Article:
‘Burn the Witch’ builds from one of those simple Homme riffs into something monstrous, ‘In My Head’ is the most underrated QOTSA single and ‘Little Sister’ is quite simply one of the best tracks that Homme has ever written. There are still too many forgettable moments on Lullabies… but when it’s good, it’s really good.
3. …Like Clockwork (2013)
Key Track: The Vampyre of Time and Memory
What They Said: ‘I had to ask them ‘If you want to make a record with me right now, in the state I’m in, come into the fog. It’s the only chance you got.’ It brought us much closer, because you never really know someone till everything goes wrong’ – Josh Homme
Josh Homme had already established himself as a rock music legend by 2013 but it had been six long years since the disappointing Era Vulgaris and there was a feeling his star could be on the wane. Like Clockwork was a make or break record for many ways for QOTSA. Homme and his band rose to the pressure like a cactus reaching for the hot desert sun.
…Like Clockwork is perhaps the most consistent and focused QOTSA album since Rated R. From the crunch of ‘I Sat By The Ocean’ to the demented shanty of ‘Fairweather Friends’, from the haunting ballad ‘The Vampyre of Time and Memory’ to the stomping ‘If I Had A Tail’, Like Clockwork delivers across 46 glorious minutes to produce something truly special. A fantastic record.
2. Songs for the Deaf (2002)
Key Track: No One Knows
What They Said: ‘We’re still doin’ the same thing we always did, which is play music that we wanna hear but we can’t buy it in the stores so we have to make it. We’re not trying to cater to anybody…’ – Former QOTSA bassist Nick Oliveri
How do you follow one of the best albums ever written? Well, you write some of your best songs and hit the big time obviously. Songs for the Deaf is the song that announced QOTSA on a global level and it is easy to see why. ‘No One Knows’ is sixteen years old in August and yet it still sounds as fresh as ever.
The bands third album sees a group of musicians firing on all cylinders and it is also the best QOTSA line up, being the only record to prominently feature Mark Lanegan, Nick Oliveri and Dave freakin’ Grohl. This gives Songs for the Deaf a celebratory feel with Oliveri, Homme and Lanegan sharing lead vocal duties but still managing to sound cohesive, like a unit.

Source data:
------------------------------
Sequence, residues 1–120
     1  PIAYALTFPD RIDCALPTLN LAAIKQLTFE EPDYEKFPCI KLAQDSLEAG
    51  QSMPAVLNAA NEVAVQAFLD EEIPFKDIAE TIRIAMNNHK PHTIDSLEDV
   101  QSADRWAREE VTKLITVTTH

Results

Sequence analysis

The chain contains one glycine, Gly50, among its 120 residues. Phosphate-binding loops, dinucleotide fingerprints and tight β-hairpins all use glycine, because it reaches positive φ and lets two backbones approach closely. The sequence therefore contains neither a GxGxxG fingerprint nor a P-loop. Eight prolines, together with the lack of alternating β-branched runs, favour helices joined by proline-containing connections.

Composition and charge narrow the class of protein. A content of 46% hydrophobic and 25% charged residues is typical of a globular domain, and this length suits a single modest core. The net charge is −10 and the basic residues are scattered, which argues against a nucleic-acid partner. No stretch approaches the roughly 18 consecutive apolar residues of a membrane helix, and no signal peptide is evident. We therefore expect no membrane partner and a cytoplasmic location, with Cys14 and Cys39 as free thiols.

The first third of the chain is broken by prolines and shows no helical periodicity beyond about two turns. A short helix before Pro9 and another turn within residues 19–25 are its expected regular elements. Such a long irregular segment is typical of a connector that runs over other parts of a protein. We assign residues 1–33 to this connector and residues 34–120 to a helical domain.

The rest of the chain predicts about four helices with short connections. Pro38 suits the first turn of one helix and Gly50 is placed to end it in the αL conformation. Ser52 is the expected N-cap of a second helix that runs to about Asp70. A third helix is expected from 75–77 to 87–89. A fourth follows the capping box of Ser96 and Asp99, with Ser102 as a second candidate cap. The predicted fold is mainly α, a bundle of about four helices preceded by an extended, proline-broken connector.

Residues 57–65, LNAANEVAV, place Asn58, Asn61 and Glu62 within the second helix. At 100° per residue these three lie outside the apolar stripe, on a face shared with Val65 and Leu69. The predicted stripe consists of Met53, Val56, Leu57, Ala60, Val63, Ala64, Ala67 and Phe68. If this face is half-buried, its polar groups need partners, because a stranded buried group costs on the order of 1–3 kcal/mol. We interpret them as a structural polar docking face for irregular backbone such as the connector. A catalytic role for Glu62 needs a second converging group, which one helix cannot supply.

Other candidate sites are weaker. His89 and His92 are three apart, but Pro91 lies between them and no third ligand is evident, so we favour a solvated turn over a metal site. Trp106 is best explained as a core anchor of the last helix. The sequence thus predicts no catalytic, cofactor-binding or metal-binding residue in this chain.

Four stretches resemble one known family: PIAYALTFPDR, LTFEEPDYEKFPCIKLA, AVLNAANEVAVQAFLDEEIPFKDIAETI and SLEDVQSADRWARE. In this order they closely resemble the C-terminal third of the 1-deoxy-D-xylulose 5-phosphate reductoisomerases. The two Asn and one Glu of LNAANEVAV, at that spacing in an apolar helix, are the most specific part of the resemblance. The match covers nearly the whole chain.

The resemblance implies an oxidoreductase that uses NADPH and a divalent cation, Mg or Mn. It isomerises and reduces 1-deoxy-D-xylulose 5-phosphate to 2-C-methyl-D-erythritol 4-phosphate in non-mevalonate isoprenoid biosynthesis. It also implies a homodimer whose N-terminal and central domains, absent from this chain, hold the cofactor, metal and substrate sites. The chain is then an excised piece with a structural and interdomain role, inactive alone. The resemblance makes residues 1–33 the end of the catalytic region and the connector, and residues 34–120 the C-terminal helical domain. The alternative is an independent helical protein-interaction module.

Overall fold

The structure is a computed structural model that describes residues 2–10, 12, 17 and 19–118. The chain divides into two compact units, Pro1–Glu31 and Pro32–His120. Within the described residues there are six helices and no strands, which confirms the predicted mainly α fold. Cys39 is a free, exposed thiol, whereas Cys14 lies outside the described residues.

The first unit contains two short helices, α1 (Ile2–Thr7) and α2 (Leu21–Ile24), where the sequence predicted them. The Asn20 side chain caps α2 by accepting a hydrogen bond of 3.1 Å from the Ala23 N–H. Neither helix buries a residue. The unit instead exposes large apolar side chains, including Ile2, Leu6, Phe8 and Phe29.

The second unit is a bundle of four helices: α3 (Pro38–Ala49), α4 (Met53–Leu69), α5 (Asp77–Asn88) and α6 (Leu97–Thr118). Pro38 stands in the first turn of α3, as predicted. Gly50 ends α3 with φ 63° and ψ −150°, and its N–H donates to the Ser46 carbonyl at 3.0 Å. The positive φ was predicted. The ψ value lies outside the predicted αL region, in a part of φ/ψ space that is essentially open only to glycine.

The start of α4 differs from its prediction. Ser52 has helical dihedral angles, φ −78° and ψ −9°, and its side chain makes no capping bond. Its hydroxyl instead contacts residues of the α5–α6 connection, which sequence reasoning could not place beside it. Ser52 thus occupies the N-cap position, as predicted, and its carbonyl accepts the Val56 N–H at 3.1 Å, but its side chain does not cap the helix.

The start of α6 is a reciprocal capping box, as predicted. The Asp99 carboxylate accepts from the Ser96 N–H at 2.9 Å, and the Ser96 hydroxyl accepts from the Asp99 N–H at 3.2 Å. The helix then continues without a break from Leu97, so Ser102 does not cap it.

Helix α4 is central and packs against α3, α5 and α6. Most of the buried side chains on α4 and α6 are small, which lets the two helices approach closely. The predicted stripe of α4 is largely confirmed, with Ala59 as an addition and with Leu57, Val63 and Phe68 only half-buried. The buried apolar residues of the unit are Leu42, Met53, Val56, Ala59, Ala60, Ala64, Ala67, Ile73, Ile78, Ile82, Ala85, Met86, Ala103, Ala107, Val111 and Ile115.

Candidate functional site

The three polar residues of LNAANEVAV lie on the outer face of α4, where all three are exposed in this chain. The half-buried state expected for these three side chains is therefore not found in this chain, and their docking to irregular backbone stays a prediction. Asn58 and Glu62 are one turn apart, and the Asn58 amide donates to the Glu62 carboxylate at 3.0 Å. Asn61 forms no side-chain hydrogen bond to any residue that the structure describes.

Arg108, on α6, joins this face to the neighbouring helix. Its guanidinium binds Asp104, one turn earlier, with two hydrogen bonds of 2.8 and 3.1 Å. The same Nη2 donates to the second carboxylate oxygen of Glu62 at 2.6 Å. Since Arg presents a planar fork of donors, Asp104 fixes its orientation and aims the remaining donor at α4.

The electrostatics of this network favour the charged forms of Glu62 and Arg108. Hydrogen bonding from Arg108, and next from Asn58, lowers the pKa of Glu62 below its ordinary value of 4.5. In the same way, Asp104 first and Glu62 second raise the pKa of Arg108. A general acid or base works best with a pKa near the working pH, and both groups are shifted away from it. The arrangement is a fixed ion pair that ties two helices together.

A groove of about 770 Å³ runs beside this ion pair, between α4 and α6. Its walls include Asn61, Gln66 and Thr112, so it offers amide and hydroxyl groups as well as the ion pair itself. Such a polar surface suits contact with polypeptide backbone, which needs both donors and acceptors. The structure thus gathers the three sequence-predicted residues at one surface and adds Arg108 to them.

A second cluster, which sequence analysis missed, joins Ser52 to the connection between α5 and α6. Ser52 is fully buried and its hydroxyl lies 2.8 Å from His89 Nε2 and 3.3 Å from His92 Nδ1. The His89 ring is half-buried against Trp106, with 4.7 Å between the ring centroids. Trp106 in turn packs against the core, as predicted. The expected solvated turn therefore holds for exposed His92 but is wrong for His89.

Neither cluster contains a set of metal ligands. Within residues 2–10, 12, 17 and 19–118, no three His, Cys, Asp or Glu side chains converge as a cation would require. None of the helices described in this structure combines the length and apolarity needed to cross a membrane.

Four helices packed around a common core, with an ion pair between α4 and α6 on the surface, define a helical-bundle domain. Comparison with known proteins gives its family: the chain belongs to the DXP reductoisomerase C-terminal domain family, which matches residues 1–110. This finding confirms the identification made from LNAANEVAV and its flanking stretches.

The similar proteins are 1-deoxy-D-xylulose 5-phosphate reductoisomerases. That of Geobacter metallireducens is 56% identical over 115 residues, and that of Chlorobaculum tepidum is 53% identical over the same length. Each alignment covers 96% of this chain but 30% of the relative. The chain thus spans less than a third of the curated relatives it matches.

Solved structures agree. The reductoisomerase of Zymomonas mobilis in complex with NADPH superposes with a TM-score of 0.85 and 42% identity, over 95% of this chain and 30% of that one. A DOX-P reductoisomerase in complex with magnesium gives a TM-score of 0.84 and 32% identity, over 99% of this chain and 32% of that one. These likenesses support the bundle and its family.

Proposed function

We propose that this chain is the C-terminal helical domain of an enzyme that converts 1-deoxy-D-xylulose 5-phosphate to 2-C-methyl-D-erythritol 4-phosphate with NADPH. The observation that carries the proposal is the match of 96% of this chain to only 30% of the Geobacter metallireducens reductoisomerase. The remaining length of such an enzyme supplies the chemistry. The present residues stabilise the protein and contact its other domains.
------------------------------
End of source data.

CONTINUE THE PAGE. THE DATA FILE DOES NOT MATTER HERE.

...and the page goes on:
Songs for the Deaf is an album that rocks and hums from start to finish and it is also their most accessible work. Put simply, it is essential listening for anyone who purports to enjoy rock and/or roll.
1. Rated R
Key Track: Better Living Through Chemistry
What They Said: ‘Rated R is, as Homme has promised, “a dark, cocaine, pop record”; a heady mix of speed-addled punk rock, huge, sky-filling psychedelic majesty and sex-crazed black humour.’ – NME
It is difficult to think of another example of a band evolving so much in the space of one album than Queens of the Stone Age did with Rated R. Even Radiohead signposted their journey from being another middling alternative band on their debut Pablo Honey to the game changing classic OK Computer with the half-way house that was second album The Bends.
With Rated R, the band who released their sludgy self-titled debut album is well and truly gone. In their place is a new psychedelic sound, bursting with ideas and strolling confidently through rock music with a drug induced, complete lack of self-consciousness. It is impossible to pick out highlights from a record that is almost perfect but ‘Auto Pilot’ and ‘Better Living Through Chemistry’ are two of rock music’s most underrated jams. The singles are perfect, ‘Feel Good Hit of the Summer’ as the demented call to arms, ‘The Lost Art of Keeping A Secret’ is the three-minute pop single that would become archetypal on future QOTSA albums and ‘Monster in my Parasol’ is as wonderfully demented as the title suggests.
Rated R is utterly unique, totally timeless and fantastically furious all at once. Josh Homme’s chugging riffs, Nick Oliveri’s thundering bass and Mark Lanegan’s haunting vocals combine to produce something that they would never capture again. Magic, bottled up and sold in 11 songs. There is an elusive yet valuable sweet spot shared by readers of Kerrang, NME and Q magazine. Rated R finds it and digs its heels in.
And then… it’s over. QOTSA gave us something good to die for. Makes it beautiful to live. Peace!
For a review of QOTSA superb Finsbury Park gig, click here.